New Delhi: Over the past couple of months, Kaliningrad, a unique Russian territory, became a flashpoint between Moscow and the European Union (EU).
Kaliningrad is an exclave of Russia — a portion of a country’s territory that is completely surrounded by other countries. It falls on the southern coast of the Baltic Sea, and is sandwiched between Lithuania and Poland.
It hit the headlines Wednesday night, when EU member state Lithuania said it would not block the transit of goods sanctioned by the European bloc between Kaliningrad and Moscow.
In light of the Russia-Ukraine war, Moscow is currently facing several economic sanctions from the West.
Since mid-June, Lithuania had been blocking the goods under EU sanctions from being transported between Kaliningrad and mainland Russia through a 618-km rail line, which passes through Lithuania and Belarus.
Prohibited items included coal, metals, concrete, wood and other goods. Videos that have emerged since have shown purported panic-buying at Kaliningrad’s construction supply stores.
Russia had termed Lithuania’s ban an “illegal blockade” and threatened “harsh measures” if it was not lifted. Lithuania’s reversal follows a decision by the European Commission.
Kaliningrad is militarily significant for Russia because its port city of Baltiysk is Moscow’s only port on the Baltic Sea that is free of ice throughout the year.
In 2013, Moscow worried European neighbours of Kaliningrad when reports emerged that it was moving nuclear-capable missiles into the exclave.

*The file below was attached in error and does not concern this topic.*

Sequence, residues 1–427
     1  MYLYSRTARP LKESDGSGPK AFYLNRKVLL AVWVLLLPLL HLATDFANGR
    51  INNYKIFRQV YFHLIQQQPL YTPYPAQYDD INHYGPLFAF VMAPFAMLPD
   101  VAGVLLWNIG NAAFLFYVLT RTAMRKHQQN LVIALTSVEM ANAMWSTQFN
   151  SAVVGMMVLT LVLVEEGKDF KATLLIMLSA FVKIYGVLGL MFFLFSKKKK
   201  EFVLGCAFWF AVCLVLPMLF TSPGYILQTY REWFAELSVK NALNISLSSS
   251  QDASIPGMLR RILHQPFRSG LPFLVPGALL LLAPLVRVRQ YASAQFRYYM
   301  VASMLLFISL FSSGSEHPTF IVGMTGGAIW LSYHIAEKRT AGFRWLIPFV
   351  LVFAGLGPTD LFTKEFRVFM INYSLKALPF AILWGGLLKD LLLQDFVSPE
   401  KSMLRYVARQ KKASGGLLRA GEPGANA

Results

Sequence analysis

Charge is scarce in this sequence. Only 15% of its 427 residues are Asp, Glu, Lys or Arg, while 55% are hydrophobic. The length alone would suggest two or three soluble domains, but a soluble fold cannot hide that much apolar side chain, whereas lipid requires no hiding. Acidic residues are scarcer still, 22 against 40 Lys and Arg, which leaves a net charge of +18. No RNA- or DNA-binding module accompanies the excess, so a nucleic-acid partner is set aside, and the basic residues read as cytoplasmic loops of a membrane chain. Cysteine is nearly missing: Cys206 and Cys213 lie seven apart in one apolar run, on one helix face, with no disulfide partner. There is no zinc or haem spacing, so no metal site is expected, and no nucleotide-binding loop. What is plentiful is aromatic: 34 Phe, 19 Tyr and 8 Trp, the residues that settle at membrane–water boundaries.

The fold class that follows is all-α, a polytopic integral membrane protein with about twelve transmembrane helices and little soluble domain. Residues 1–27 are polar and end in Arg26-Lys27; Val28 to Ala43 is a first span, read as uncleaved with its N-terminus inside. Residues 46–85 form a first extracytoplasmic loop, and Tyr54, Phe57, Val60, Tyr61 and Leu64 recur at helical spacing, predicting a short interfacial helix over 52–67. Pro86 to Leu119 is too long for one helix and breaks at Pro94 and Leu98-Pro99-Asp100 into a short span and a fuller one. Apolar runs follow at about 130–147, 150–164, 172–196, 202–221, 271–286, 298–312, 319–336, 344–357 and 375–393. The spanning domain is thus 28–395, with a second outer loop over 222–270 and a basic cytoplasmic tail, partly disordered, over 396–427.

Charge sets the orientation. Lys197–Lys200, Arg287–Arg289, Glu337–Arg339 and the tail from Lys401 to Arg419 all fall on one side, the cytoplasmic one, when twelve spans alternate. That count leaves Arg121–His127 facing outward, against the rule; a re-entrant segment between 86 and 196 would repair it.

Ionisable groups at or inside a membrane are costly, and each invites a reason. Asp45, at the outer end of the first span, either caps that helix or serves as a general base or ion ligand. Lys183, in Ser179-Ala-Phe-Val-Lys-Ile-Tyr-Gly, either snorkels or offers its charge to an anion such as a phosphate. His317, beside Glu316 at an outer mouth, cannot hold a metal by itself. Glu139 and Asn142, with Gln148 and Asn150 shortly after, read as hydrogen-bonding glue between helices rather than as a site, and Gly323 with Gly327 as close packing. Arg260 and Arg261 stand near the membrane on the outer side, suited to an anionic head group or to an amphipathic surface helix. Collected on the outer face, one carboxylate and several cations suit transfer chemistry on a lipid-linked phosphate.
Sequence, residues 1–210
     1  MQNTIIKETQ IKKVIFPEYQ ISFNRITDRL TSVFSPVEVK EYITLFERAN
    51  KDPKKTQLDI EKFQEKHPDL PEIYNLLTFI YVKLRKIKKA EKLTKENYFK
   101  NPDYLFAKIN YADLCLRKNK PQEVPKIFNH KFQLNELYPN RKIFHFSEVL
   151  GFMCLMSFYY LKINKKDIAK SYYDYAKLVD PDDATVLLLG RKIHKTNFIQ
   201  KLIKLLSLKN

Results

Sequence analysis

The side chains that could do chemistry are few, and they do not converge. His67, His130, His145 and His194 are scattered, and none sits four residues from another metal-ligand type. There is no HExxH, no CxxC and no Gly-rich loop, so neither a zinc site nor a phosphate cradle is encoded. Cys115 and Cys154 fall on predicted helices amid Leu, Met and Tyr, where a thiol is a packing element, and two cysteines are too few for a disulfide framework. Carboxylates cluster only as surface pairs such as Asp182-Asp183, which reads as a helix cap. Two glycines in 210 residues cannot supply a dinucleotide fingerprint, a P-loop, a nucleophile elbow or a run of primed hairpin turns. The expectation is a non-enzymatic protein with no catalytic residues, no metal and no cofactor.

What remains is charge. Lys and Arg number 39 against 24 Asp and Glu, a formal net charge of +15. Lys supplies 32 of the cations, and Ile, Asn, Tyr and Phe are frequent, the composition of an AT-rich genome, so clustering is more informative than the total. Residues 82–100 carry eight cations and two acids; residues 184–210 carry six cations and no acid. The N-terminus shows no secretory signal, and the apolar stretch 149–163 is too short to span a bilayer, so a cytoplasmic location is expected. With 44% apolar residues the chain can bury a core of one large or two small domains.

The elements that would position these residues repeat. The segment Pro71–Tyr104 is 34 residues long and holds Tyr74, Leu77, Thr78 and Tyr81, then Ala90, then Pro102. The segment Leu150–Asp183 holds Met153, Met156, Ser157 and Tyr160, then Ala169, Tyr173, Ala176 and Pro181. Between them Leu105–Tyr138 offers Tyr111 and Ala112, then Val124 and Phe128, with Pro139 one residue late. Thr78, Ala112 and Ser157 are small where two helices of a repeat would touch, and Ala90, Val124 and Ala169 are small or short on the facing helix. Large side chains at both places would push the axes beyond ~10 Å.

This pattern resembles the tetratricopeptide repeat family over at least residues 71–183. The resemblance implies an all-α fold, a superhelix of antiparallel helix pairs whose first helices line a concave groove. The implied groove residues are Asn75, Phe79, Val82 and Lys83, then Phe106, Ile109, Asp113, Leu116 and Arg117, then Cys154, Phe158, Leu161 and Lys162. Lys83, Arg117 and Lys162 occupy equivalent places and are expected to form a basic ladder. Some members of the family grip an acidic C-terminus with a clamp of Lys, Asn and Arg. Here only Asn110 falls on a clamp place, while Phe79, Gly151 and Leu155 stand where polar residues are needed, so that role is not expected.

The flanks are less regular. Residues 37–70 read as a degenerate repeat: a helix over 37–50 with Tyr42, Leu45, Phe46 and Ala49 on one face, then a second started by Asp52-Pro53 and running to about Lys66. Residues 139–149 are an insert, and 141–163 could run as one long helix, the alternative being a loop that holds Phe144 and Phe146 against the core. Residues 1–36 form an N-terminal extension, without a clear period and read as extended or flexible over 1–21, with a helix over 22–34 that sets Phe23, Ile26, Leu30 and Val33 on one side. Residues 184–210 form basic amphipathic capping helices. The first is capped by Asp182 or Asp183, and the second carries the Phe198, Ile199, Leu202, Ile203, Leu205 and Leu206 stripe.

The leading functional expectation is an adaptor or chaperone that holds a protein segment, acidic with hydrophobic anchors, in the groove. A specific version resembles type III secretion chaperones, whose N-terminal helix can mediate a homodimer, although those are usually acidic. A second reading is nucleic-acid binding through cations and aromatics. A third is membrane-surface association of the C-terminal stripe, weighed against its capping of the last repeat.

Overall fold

What is Kaliningrad?
At 223 square kilometres, Kaliningrad is roughly the size of Kolkata, and home to about 1 million people.
The majority of the people are Russians, followed by other groups such as Ukrainians, Belarusians, Lithuanians, and Germans.
It is one of the few exclaves that exist in the world. Other examples are Nakhchivan, which is a part of Azerbaijan but is located in Armenia, and Alaska, which is a part of the US but can be reached by road only through Canada.
How did Kaliningrad become part of Russia?
Kaliningrad’s history is intertwined with that of Germany and Russia.
The territory gets its name from Bolshevik revolutionary Mikhail Kalinin, who served as the head of state of the Soviet Union from 1919 to 1946.
Kalinin was a nominal head and therefore did not not hold much real power or influence. He retired in 1946 and died the same year.
Until 1945, the area was known as Königsberg, a German city. It once served as the capital of East Prussia. German philosopher Immanuel Kant was born there, back when it was under German control. There are still traces of the territory’s German heritage as can be seen in the Brandenburg Gate, built in 1657 as part of fortifications of the territory.
It underwent restoration work in 1843 and sculptures of major Prussian military figures were added.
After World War 2, however, Germany handed it over to the Soviet Union. Kaliningrad was one of the most militarised and closed off-parts under Soviet control.
(Edited by Sunanda Ranjan)